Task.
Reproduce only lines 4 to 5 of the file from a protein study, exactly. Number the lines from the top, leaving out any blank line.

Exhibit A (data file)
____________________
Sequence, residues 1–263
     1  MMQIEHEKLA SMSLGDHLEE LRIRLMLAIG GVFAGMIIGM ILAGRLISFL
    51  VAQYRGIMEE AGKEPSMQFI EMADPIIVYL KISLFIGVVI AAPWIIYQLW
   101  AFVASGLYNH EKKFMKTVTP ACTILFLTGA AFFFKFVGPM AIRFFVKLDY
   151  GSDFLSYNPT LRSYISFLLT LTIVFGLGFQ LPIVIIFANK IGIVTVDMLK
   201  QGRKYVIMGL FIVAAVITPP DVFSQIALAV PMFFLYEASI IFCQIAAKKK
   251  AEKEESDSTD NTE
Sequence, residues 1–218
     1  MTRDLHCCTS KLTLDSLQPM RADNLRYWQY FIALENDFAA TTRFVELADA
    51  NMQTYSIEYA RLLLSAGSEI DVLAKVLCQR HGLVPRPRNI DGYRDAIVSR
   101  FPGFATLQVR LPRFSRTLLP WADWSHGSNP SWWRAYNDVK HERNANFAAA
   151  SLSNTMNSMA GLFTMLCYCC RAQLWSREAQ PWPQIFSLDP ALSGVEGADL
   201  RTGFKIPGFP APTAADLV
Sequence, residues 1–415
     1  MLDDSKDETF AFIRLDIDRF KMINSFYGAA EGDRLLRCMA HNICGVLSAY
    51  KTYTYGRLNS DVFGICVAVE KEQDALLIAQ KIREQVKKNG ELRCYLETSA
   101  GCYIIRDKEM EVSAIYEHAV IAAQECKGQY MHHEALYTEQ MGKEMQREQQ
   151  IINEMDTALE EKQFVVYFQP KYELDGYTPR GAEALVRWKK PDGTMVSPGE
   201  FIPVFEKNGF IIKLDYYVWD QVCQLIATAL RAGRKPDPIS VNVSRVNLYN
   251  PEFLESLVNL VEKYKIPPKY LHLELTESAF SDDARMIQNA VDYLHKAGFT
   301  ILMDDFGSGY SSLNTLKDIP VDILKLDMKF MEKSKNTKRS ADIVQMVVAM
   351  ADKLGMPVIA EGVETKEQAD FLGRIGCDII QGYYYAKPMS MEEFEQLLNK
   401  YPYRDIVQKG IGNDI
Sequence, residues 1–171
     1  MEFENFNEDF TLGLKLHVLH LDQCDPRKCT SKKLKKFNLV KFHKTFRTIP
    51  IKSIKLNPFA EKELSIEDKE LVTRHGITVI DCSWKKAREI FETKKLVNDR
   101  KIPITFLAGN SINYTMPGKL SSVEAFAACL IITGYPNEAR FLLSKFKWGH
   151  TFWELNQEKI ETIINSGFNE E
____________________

   101  AFVASGLYNH EKKFMKTVTP ACTILFLTGA AFFFKFVGPM AIRFFVKLDY
   151  GSDFLSYNPT LRSYISFLLT LTIVFGLGFQ LPIVIIFANK IGIVTVDMLK